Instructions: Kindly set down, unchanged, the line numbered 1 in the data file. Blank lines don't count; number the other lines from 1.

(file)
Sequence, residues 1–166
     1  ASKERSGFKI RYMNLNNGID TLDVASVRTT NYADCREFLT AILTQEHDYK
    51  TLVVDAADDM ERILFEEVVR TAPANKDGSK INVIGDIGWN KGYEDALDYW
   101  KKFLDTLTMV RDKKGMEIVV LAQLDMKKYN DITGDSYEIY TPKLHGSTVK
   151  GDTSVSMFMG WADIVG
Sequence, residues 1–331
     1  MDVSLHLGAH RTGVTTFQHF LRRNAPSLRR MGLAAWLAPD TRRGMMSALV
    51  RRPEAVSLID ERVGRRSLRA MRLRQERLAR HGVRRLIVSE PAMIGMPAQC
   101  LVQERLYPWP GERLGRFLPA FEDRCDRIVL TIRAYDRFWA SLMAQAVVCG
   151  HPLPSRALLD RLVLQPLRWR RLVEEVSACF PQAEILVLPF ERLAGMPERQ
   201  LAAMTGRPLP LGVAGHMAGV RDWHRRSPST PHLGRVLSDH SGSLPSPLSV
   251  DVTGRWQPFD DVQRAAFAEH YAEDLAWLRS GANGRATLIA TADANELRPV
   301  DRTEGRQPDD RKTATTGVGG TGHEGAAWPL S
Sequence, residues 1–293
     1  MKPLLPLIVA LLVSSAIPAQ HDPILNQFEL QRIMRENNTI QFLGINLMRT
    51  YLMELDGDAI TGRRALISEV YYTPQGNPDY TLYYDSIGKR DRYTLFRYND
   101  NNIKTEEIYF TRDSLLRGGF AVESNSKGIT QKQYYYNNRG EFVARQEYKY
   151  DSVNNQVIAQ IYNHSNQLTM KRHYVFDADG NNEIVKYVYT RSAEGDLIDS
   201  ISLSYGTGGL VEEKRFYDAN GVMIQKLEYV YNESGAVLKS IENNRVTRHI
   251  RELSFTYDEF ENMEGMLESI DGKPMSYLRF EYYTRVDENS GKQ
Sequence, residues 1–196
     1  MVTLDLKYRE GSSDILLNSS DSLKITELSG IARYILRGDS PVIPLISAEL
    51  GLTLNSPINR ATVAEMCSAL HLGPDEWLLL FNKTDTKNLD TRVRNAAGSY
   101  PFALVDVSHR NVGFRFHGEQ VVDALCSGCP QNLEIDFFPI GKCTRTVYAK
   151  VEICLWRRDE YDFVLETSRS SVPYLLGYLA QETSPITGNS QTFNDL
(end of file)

Sequence, residues 1–166